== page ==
Looking at Korean transcription rules for Japanese, I noticed that for some consonants, the hangul transcription would change if it was in the initial position:
カ /ka/ is transcribed 가 in the inital position, but 카 in medial of final positions. So the word カタカナ is transcribed 가타카나. ガ /ga/ is always transcribed as 가.
The same thing happens with /t/ and /tɕ/, so: タ /ta/ is 다 initally, but 타 medially and finally. So たれ (tare, "sauce") and だれ (dare, "who") are both transcribed 다레. The same happens with チ, 지 initially and 치 in other positions. The Korean Wikipedia article for ちょんまげ "chonmage", features both 촌마게 and 존마게 as a transcription.
Curiously, it does not happen with /p/, that is always transcribed as ㅍ.
This does not happen in the transcription rules for other languages, where seens to be /k/,/t/, tɕ/tʃ are consistently written as ㅋ,ㅌ,ㅊ even in the inital position:
English: cat 캣, time 타임, chart 차트.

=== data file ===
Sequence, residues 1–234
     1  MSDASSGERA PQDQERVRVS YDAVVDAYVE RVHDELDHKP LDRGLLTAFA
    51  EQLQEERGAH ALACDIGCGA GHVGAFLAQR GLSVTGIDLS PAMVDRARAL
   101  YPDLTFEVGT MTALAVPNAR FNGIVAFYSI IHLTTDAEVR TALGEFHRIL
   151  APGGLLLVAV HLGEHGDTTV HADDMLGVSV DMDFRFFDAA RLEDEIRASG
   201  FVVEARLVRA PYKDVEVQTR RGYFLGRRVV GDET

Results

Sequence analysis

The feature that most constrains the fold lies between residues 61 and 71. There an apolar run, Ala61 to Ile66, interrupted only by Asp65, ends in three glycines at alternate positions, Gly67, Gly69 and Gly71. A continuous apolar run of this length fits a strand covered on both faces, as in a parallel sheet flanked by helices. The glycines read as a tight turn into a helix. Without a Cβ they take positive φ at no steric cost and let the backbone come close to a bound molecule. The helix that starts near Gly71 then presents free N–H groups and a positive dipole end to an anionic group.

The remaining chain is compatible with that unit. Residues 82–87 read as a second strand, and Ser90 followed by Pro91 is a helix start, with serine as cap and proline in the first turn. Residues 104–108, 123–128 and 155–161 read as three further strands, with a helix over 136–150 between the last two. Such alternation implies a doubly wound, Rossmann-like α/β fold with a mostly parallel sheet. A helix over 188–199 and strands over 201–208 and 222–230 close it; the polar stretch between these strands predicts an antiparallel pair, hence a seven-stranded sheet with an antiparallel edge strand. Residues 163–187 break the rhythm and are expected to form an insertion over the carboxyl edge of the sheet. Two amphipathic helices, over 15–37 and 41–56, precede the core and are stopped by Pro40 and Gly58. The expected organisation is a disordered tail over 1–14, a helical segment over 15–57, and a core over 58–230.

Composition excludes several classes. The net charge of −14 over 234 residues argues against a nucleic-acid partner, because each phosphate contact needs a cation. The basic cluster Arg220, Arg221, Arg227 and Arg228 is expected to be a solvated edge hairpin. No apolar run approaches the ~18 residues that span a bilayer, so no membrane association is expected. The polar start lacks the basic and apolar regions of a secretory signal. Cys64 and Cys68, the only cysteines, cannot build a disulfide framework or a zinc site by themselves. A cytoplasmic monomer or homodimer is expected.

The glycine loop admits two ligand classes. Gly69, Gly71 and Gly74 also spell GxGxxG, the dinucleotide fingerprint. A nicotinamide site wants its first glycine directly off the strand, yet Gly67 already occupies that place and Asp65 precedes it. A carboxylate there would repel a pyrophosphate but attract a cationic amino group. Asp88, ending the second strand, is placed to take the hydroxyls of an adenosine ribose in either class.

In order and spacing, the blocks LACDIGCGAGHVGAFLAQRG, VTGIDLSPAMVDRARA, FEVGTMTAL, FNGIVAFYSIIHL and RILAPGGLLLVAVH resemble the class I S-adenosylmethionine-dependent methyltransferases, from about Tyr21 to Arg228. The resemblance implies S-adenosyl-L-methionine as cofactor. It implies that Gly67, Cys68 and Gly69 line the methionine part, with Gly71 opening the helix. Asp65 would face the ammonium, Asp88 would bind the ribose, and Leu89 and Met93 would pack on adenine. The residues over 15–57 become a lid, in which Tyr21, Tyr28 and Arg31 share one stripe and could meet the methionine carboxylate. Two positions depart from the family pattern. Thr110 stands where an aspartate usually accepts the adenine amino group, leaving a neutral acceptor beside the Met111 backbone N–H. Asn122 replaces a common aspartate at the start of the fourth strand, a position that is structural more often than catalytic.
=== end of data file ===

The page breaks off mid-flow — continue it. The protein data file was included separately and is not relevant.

Spanish: colcren 콜크렌, chicharra 치차라, tetraetro 테트라에트로.
Italian: Como 코모, Torino 토리노.
Portuguese: Cabral 카브랄, Coelho 코엘류, Tavira 타비라
So why Korean transcriptions of Japanese words uses the letters ㄱ,ㄷ,ㅈ for initial /k/, /t/, /tɕ/ while using ㅋ,ㅌ,ㅊ for other languages? What are the phonological or historical reasons for this different treatment when transcribing Japanese to Hangul specifically?
Edit: I think @jogloran explained well why ㄱ,ㄷ,ㅈ are used for the Japanese initial unvoiced stops and the article explains these and other transcription conventions in depth. The use of ㅋ,ㅌ,ㅊ for English initial unvoiced stops, that are more aspirated than the Japanese ones, is clear to me now too. But the question remains as why other languages that have initial stops with even less aspiration than their Japanese counterparts, such as Portuguese, use ㅋ,ㅌ,ㅊ in their official hangulizations.